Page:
Rohan Buntine is one very busy man. He co-hosts the radio show ‘Heavy Decibels’ and plays in a two-piece metal band called Battlegrave. We had a chat and got some background on the band and the current state of Australian Metal.
Hey Rohan! Can you tell us about your radio show ‘Heavy Decibels’ on 88.3 Southern FM?
Absolutely! The Heavy Decibels Radio Show is a 2 hour weekly radio show from 8 -10pm Thursday nights on the community station 88.3 Southern FM, based in the bay side Melbourne suburb of Brighton.
The show focuses on all forms of Heavy Music from Grunge and Garage Rock right through to the most extreme sub-genres like Black Metal, Death Metal and Grind and covering everything in between. My partner in crime/co-host Frank Descalco has been steering the Heavy Decibels ship for the best part of 10 years now and I joined him on the show as a permanent guest host in February of 2018. After that we really hit it off when I myself was a guest when my Thrash project ‘Battlegrave’ launched its debut EP in mid-2017.
The special thing about our show is that we focus on an Aussie heavy artist every week which we call our ‘feature artist’. We play 3 tracks off our feature artist’s latest release and give their music, their socials, their upcoming shows and where people can buy their music and merch a real pump. We want to do everything we can on the show to try and assist the incredible talent we have emerging in our country and being another avenue into people’s ears. We have just this year had bands like Requiem, Espionage, Depravity, As I Destruct, The Elk Collective, Primitive and many more as feature artists and this is the part of the show I enjoy most – exposing and supporting our local talent!
I also really enjoy doing the show because Frank is a huge Rock, 80s Heavy Metal and Prog Rock fan and I am a big Thrash, Death and Black Metal guy, so we bounce off each other really well and provide different insights into our own preferred sides of metal, whilst always trying to keep the show light hearted and even a little stupid. Plus, live radio is a stack of fun and a great way to escape reality once a week and just spin great tunes.
Seeing as you listen to a lot metal for the show, what do you think about the current state of the Australian metal scene?
As I touched on in the last question, I think the state of the heavy music scene in Australia currently is astounding. I honestly believe that it is the healthiest I have ever seen it in the 20 odd years that I have been following it and attending shows.
I was a little country town metal kid that caught the train to Melbourne for a really golden period of Australian metal in the late 90’s and early 2000’s to see bands like Abramelin, Frankenbok, Devolved, Hobbs Angel of Death, Gospel of the Horns, Blood Duster a young Psycroptic etc. that I discovered on ‘The 3 Hours of Power’ & ‘Full Metal Racket’ radio shows with Costa and later Andrew Haug, that was an amazing time for Australian metal. But I truly don’t remember a time ever being as good as it is right now!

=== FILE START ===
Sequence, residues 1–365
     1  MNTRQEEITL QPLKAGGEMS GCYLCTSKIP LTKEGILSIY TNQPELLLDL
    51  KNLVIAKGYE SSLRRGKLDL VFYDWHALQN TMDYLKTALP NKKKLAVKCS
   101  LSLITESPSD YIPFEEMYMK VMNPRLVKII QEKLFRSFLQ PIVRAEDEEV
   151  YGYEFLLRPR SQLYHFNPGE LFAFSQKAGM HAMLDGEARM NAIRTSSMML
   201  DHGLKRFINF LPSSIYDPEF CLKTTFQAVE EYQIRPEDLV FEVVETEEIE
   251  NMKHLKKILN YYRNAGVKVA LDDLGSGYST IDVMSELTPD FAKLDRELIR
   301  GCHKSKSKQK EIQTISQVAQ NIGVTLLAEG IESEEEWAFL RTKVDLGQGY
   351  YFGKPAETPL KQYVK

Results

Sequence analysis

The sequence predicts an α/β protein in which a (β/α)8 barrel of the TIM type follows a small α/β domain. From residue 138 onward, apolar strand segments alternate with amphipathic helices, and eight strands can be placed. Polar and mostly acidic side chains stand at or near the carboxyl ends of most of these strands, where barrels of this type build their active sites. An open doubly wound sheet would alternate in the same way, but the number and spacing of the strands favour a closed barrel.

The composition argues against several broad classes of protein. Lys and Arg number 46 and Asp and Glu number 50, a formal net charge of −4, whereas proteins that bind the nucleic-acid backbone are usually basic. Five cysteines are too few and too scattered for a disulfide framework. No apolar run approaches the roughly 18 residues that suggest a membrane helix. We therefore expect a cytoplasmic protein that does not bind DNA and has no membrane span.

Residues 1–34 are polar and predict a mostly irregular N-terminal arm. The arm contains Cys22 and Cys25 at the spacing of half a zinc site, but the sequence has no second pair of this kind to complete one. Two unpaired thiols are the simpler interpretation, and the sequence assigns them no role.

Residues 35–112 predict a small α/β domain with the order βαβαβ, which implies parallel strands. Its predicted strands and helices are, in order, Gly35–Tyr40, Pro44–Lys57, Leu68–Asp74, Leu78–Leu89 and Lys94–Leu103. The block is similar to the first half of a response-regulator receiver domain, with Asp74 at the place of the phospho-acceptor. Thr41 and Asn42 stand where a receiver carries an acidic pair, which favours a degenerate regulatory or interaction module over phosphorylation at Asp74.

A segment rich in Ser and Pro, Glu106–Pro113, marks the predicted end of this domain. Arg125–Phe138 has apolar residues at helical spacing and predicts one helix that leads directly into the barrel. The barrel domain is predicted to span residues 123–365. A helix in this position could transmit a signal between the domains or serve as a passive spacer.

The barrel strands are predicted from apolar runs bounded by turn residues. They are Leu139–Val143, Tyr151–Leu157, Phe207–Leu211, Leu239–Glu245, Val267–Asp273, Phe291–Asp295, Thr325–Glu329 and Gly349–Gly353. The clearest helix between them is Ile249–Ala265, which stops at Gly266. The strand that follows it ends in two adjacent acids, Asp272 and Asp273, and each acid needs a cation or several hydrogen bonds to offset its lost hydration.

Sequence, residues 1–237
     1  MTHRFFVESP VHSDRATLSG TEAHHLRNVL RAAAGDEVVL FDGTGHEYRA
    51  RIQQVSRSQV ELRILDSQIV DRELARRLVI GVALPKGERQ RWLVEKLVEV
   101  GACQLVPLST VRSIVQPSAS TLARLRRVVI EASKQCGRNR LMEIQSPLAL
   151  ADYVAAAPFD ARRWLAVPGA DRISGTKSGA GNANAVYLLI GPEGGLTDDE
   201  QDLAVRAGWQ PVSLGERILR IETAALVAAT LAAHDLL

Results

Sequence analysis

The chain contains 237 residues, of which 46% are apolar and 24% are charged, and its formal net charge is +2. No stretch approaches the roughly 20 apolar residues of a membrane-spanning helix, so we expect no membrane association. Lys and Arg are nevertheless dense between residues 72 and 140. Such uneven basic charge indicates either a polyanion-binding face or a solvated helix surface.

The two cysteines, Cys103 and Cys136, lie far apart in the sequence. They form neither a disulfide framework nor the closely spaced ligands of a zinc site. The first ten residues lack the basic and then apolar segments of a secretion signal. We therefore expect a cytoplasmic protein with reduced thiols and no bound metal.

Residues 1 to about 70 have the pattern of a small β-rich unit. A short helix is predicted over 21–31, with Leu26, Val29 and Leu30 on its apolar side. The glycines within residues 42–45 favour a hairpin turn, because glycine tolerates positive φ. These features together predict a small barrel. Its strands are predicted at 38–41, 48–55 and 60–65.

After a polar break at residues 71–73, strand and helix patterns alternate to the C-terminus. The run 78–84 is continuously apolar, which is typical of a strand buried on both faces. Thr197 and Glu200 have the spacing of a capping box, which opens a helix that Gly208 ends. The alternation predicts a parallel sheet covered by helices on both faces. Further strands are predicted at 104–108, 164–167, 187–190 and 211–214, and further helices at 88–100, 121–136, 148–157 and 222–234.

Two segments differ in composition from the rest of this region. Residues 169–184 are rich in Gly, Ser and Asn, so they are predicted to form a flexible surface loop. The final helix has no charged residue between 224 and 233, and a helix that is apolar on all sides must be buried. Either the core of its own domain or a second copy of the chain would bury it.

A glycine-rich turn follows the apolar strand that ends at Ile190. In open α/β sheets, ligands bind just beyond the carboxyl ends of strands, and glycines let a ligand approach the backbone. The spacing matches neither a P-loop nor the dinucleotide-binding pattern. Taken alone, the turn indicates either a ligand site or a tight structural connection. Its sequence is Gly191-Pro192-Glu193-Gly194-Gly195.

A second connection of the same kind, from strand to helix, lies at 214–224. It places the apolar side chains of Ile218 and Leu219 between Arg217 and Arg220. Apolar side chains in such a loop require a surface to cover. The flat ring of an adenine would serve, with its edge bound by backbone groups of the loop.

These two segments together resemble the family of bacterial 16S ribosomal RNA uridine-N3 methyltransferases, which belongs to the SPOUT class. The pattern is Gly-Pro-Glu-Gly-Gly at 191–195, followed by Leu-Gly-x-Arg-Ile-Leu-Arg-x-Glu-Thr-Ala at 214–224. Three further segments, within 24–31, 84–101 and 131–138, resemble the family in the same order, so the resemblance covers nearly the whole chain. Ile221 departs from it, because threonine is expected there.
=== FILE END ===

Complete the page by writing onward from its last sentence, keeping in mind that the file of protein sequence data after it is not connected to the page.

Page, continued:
The sheer amount of bands there are to see on any given weekend now blows me away. We are talking about absolute world class talent as well in every single sub-genre of our great metal tree. We aren’t making up the numbers in Australia, we are regularly contributing some of the best heavy albums of the year globally, every year!
Just last year Melbourne’s own Harlott released ‘Extinction’ on the Metal Blade label and I have seen various articles from publications all over the world that named it in their top 10 albums of the year and one even gave it the coveted number 1 spot! Another example is the late 2017 release by Blackhelm from Melbourne\Geelong who released their ‘Grand Ruinous II’ EP and that immediately went into my list of top ever Australian releases. They have an album still to come in 2018 and I am licking my lips at the thought of how huge that album is going to be!
Some people like to scoff at the ability of bands to quickly write and release music now due to the power of the programs available, questioning their actual talent etc. but I take the totally opposite opinion on this. If it is helping more kids to write and release amazing music, then how can it be a bad thing?! Bring it on, I say!